Lamar Jackson Jr., the 22-year-old Black quarterback for the Baltimore Ravens, is considered the most dynamic player in the NFL today. A 2017 winner of the Heisman Trophy, which annually recognizes the best college player, he is the frontrunner to win the Most Valuable Player award in the NFL for the current regular season.  

A white San Francisco 49er play announcer, Tim Ryan, made the following statement about Jackson the day after the Ravens beat the 49ers on Dec. 1: “He’s really good at that fake, Lamar Jackson, but when you consider his dark skin color with a dark football with a dark uniform, you could not see that thing. I mean you literally could not see when he was in and out of the mesh point.” (KNBR radio, Dec. 2)

The 49ers suspended Ryan for one game following the racially insensitive comment. Many fans felt he should have been fired. Many commentators, both Black and white, stated that the suspension was an overreaction — that his statement was “stupid” and “ignorant” rather than being racist because he is a “nice” guy.  

Saying someone is a nice person or being oblivious to their comment’s impact amounts to obscuring the real issue. Whether an insensitive statement made by a white person about a person of color is overt or covert, it is still racism, pure and simple. It cannot be taken out of the historical and political context of white supremacy emanating from ruling class ideas that permeate every fiber of U.S. society.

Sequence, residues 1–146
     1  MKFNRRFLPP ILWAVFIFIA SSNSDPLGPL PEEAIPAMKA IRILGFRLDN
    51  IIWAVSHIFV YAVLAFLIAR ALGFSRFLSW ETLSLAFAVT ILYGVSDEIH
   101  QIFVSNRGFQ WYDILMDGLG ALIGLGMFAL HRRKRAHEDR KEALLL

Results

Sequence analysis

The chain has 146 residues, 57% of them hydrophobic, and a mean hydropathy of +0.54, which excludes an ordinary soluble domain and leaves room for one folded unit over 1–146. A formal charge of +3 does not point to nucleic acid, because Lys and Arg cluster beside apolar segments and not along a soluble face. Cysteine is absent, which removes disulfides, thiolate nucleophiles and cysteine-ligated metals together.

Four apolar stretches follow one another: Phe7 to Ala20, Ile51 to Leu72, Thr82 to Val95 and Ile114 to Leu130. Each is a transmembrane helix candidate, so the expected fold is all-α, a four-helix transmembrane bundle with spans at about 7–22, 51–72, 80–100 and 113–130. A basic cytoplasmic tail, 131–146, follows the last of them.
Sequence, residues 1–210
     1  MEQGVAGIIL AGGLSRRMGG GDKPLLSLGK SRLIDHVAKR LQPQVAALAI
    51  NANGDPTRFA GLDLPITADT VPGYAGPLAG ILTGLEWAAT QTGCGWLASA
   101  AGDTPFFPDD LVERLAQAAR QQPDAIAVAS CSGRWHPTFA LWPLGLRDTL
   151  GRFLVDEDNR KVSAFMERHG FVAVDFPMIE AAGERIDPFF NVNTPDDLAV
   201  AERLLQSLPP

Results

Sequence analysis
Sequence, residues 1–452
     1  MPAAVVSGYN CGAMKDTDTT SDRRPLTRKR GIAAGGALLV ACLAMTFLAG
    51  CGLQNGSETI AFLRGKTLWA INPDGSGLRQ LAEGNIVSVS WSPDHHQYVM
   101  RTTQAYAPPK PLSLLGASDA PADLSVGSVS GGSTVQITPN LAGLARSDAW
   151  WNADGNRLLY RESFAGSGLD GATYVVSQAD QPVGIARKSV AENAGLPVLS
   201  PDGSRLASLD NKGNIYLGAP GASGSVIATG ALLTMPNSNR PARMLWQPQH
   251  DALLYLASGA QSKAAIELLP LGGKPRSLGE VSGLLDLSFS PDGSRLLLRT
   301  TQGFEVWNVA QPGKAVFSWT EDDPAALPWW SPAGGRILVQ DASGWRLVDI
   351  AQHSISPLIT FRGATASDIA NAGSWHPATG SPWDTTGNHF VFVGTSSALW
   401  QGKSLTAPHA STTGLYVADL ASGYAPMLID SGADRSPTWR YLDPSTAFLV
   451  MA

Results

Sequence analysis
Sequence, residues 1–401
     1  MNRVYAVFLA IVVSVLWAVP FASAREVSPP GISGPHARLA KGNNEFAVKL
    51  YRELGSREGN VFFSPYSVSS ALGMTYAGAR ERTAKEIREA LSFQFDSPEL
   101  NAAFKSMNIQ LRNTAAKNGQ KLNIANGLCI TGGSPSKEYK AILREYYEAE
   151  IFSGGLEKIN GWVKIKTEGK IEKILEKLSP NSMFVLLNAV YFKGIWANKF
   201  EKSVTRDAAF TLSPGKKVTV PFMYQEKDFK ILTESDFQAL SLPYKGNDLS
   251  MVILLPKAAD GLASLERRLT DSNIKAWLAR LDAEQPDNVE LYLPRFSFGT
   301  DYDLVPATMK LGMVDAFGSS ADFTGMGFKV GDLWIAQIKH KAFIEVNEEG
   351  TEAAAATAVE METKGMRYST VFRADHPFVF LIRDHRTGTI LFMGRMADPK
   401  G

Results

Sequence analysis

Megan Rapinoe, center back row, is an anti-racist lesbian, co-captain of the U.S. women’s national soccer team and supporter of Colin
Kaepernick. She is pictured with Harlem’s Mott Hall Girls Soccer Team after she received an award.

Megan Rapinoe  

Megan Rapinoe is arguably one of the most famous and influential soccer players in the world. She is co-captain of the U.S. Women’s National Soccer Team, which won the World Cup title in July. Rapinoe is an out lesbian who has been outspoken in demanding that U.S. women soccer players receive the same pay and benefits as their male counterparts.  Even before winning the World Cup, Rapinoe declared, “I’m not going to the fucking White House,” which has been a tradition for most championship teams. (, Dec. 9)  In fact, none of the team went to visit Trump.